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I got a control pedal from an old sewing machine that connects to a 3.5mm jack. It fits in the audio/microphone jack of my laptop.

Is there any way that I could detect from the laptop this pedal being actioned? Is there any way extra hardware that would make this possible?

Not the real thing, but almost:

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  • The only pedal for sewing machine I've opened was totally passive. The pedal changes a potentiometer. I think some older versions had a variable transformer inside. – UncleBod May 30 at 9:52
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    The answer is probably "it depends on the brand". It will have some electronics inside that convert how much you press into some characteristic, for example resistance (as your existing cable is not made for high current variants). When you've figured out that, ask on the electronics stackexchange how to design some extra electronics that convert this so you can connect it to an audio input. – dirkt May 30 at 9:53
  • This is about connecting generic hardware to today's machines. So moving it to EE.SE might be a good idea. – Raffzahn May 30 at 13:11
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    @Raffzahn - I agree with moving this to EE.SE, as I(and I'm sure several others) could answer this question easily, but I agree that an answer here would be out of scope of this SE. I also agree that this requires extra hardware; either a USB analog joystick adapter, a readapted USB analog joystick, or some custom hardware to convert the resistance to a low frequency AM or FM signal, which could be as simple as a single transistor oscillator or a 555 timer, and wouldn't require any coding. If he can build circuits and code, than an 8 pin microcontroller with AD and DA pins would also work... – Hitek May 31 at 3:15
  • @Raffzahn - Also, if he doesn't know hardware, then he could use a simple headphone Y-cable with the plug plugged into the audio input, and the pedal plugged into one of the jacks, and a constant frequency audio source(such as a guitar tuner that has a headphone jack) plugged into the other jack, so that the pedal gradually shunts the input from the audio generator... – Hitek May 31 at 3:39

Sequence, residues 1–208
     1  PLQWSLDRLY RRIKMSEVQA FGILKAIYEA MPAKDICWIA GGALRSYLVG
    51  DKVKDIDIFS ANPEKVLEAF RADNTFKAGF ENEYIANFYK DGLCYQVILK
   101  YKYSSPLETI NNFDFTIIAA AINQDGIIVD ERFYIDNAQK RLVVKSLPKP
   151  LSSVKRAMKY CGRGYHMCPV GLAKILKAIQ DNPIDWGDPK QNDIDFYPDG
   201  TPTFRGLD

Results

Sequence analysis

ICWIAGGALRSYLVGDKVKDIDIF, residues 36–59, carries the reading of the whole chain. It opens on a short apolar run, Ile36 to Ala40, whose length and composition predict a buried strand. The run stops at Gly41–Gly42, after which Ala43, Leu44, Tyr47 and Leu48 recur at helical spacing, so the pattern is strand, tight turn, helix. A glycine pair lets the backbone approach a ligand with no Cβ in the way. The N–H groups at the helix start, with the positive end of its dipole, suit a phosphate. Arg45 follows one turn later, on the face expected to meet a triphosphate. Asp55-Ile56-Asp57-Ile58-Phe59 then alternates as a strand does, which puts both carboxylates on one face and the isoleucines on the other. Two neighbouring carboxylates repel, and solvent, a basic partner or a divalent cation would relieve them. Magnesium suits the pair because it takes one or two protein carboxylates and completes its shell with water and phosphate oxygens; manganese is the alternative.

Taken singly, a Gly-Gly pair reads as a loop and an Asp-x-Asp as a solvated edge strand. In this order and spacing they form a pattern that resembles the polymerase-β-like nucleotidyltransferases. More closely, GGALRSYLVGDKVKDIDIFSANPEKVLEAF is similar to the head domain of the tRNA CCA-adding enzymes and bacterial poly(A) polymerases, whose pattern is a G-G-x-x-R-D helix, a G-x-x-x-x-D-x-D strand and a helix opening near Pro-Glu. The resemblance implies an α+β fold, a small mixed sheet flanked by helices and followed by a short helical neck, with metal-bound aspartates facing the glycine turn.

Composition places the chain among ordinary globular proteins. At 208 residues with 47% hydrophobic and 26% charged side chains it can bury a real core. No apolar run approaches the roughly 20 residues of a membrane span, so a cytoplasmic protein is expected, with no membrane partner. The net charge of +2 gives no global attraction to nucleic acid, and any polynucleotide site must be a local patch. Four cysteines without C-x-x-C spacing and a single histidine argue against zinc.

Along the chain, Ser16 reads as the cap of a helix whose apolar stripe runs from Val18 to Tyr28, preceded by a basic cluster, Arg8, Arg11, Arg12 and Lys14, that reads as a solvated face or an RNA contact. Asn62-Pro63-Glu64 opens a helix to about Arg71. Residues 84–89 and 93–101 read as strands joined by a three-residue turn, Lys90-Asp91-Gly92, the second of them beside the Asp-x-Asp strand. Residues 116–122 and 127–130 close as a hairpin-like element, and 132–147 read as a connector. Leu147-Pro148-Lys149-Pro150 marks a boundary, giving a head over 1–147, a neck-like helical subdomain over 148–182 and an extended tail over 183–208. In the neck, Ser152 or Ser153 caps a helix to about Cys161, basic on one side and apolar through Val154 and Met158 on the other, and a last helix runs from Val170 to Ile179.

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[As mentioned. this question isn't in any way RC.SE related, as it's about generic devices and modern computers. I'll vote for moving to EE.SE and answer as if's already moved]

Is there any way that I could detect from the laptop this pedal being actioned? Is there any way extra hardware that would make this possible?

Extra hardware will do the trick - always.

Adapting it to audio input will require active electronics (an amplifier), thus you'd need a second board and a power supply.

Now, if your Laptop still holds a real Joystick port, then it might be possible by simply building a connector, as the signal might be most likely a resistive (*1), much like from an analogue (PC) Joystick. Then again, having such a port seams unlikely :)

The next best way may be to hack a USB-Joystick as interface. Remove all 'joy' ... aeh mechanical parts and hook a connector for the paddle to the input - maybe with sole analogue adaption if it uses a different ranged resistor.

The ultimate best way is to build your own controller. Like using an Arduino. Hardware would be simply adding a resistor and a connector to the analogue input. Power supply already comes with USB. The controller software will be rather simply presenting the digitized value to whatever data format / logical interface you'd prefer. Most simple would be as serial port, as handling them is already part of basic Arduino workings, Or present it again as joystick interface, more appropriate anyway for analogue data. There are plenty examples on Arduino Sites.


*1 - As DirkT already mentioned.

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    The cheapest way would probably be to use an STM32 "Blue Pill" board from Aliexpress for about $1.70, but you'll also need an ST-Link V2 clone for $2-3 (also Aliexpress) to program it. You'll need a USB VID/PID pair but, if you're just building one for yourself, there's no harm in borrowing a random VID/PID pair for a device you're never going to install a driver for. (Read the caveats on the STU32duino wiki page for it, such as never powering it from both the USB and programmer at the same time, and bear in mind that fixing mis-spec'd USB pull-ups can be done by wiring another in parallel.) – ssokolow Jun 1 at 16:41

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